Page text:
The Huawei Mate 30 Pro is easily the most controversial smartphone in the market right now. The U.S.-China trade war means the phone is not going to ship with Google apps pre-loaded which is a shame. But there’s no denying the fact that the phone is a camera monster and its DxOMark’s ranking proves just that.
The Huawei Mate 30 Pro scored 121 points in DxOMark’s camera testing, with a photo score of 131 which is a full five points ahead of the previous leader, the Galaxy Note 10+ 5G.
The phone comes with a quad-camera setup which includes dual-40MP sensors, an 8MP 3x telephoto sensor, and a ToF depth sensor. Both 40MP sensors are massive in size — 1/1.7″ and 1/1.54″ — which gives the Huawei Mate 30 Pro an advantage over other smartphones.
DxOMark notes that the Mate 30 Pro shins in “almost all still image categories, but really shines for texture and noise.”
The Huawei achieves the top scores for both attributes individually, which is unusual, given that a noise-free image typically mean a loss of detail and vice-versa. The Mate 30 Pro camera is capable of balancing the two attributes perfectly, however, recording good texture and detail in almost all conditions while keeping noise levels very low. Noise is truly visible only in very low light.
Huawei seems to have also fixed the issues with color which was a weakness of the P30 Pro. The colors of the Mate 30 Pro are more saturated and the white balance more stable.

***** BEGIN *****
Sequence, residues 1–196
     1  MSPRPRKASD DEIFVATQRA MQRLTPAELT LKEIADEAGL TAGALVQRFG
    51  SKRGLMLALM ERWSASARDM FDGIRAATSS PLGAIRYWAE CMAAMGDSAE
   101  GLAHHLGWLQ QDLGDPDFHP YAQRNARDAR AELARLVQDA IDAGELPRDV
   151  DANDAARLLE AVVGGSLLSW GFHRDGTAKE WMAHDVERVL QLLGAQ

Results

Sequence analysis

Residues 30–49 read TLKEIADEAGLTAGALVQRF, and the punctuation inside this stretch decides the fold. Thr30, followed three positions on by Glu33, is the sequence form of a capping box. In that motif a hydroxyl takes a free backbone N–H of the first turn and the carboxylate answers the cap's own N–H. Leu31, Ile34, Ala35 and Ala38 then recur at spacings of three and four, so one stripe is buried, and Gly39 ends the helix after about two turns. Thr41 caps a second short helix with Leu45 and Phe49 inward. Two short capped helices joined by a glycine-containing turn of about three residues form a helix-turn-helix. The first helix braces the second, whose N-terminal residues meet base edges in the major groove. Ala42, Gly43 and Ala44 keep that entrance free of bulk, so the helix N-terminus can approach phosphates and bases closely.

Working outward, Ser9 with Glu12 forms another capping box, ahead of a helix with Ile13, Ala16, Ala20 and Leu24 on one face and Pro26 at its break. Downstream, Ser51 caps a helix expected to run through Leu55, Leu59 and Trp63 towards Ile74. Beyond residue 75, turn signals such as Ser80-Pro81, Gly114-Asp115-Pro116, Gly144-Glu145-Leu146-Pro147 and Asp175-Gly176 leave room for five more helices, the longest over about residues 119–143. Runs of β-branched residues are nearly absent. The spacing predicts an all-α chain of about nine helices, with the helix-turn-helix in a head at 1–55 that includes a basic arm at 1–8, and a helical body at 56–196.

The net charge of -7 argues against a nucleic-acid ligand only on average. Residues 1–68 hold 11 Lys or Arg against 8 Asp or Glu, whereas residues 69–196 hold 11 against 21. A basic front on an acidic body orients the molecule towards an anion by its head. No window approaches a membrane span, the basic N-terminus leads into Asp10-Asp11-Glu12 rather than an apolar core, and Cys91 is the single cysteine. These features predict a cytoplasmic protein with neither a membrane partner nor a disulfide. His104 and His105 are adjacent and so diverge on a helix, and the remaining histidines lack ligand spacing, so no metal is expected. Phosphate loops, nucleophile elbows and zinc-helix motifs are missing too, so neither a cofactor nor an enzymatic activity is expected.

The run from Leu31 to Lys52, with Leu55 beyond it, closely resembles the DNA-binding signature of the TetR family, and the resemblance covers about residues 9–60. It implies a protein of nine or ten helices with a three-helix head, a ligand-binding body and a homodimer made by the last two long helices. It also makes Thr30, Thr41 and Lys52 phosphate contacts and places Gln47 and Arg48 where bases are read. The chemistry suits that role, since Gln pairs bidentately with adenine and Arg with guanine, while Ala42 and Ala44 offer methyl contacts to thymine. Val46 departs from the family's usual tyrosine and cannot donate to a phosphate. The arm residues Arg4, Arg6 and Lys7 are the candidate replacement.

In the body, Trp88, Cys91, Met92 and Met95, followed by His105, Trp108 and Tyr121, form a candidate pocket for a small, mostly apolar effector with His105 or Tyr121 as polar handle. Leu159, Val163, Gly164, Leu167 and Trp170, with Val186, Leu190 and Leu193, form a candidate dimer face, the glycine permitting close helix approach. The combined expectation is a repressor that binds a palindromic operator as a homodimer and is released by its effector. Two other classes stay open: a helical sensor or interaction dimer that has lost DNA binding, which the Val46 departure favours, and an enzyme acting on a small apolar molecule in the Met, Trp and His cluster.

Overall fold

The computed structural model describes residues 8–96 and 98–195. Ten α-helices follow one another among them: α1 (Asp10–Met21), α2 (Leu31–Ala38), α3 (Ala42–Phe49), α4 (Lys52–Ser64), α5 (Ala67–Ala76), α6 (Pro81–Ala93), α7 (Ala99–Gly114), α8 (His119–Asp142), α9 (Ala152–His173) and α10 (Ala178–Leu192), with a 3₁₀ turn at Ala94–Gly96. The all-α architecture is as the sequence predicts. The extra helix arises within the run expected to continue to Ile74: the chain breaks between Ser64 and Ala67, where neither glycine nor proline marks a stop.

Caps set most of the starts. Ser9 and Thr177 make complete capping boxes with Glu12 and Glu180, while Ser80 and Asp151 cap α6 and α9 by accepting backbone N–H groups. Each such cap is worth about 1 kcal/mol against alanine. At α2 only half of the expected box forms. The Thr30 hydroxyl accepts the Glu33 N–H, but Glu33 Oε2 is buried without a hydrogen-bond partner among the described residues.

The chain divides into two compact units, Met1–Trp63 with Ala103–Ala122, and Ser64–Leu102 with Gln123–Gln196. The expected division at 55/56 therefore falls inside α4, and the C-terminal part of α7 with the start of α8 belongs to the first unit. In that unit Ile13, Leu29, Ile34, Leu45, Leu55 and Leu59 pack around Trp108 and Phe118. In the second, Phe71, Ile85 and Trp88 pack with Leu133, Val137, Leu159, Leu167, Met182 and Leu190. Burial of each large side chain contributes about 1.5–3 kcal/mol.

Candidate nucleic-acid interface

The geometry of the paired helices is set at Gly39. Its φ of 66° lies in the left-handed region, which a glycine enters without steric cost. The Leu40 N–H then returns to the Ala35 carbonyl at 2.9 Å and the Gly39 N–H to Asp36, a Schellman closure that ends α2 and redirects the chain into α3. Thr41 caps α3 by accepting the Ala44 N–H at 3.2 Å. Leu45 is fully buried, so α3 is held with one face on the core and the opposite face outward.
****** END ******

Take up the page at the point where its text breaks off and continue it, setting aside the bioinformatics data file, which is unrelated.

One chink in the Mate 30 Pro’s camera is that the field of view of the ultra-wide angle camera is not as wide as the competition. While the Galaxy S10 and Note 10 series ship with a 12mm wide-angle lens, the Mate 30 Pro has an 18mm lens.
Huawei has also fixed the poor video performance that is traditionally associated with its devices on the Mate 30 Pro. The phone records 4K 30fps videos by default and scored 100 points in the Video score, which is just one point below the leader Galaxy Note 10+ 5G. It does show some texture artifacts indoors and in low light scenarios along with slight colors casts. On the plus side, the stabilization is impressive, autofocus is accurate, and the colors are vivid and pleasant.
The front 32MP camera scored 93 in DxOMark’s Selfie score. While not as impressive as the rear camera performance, it was still good enough to put the phone among the top five. The camera setup on the Mate 30 Pro is similar to the P30 Pro from earlier this year but thanks to the improved ISP, the photo score has jumped from 90 to 97 points.
What are your thoughts on the camera performance of the Huawei Mate 30 Pro? Will you buy one just for its camera performance and despite it lacking Google apps?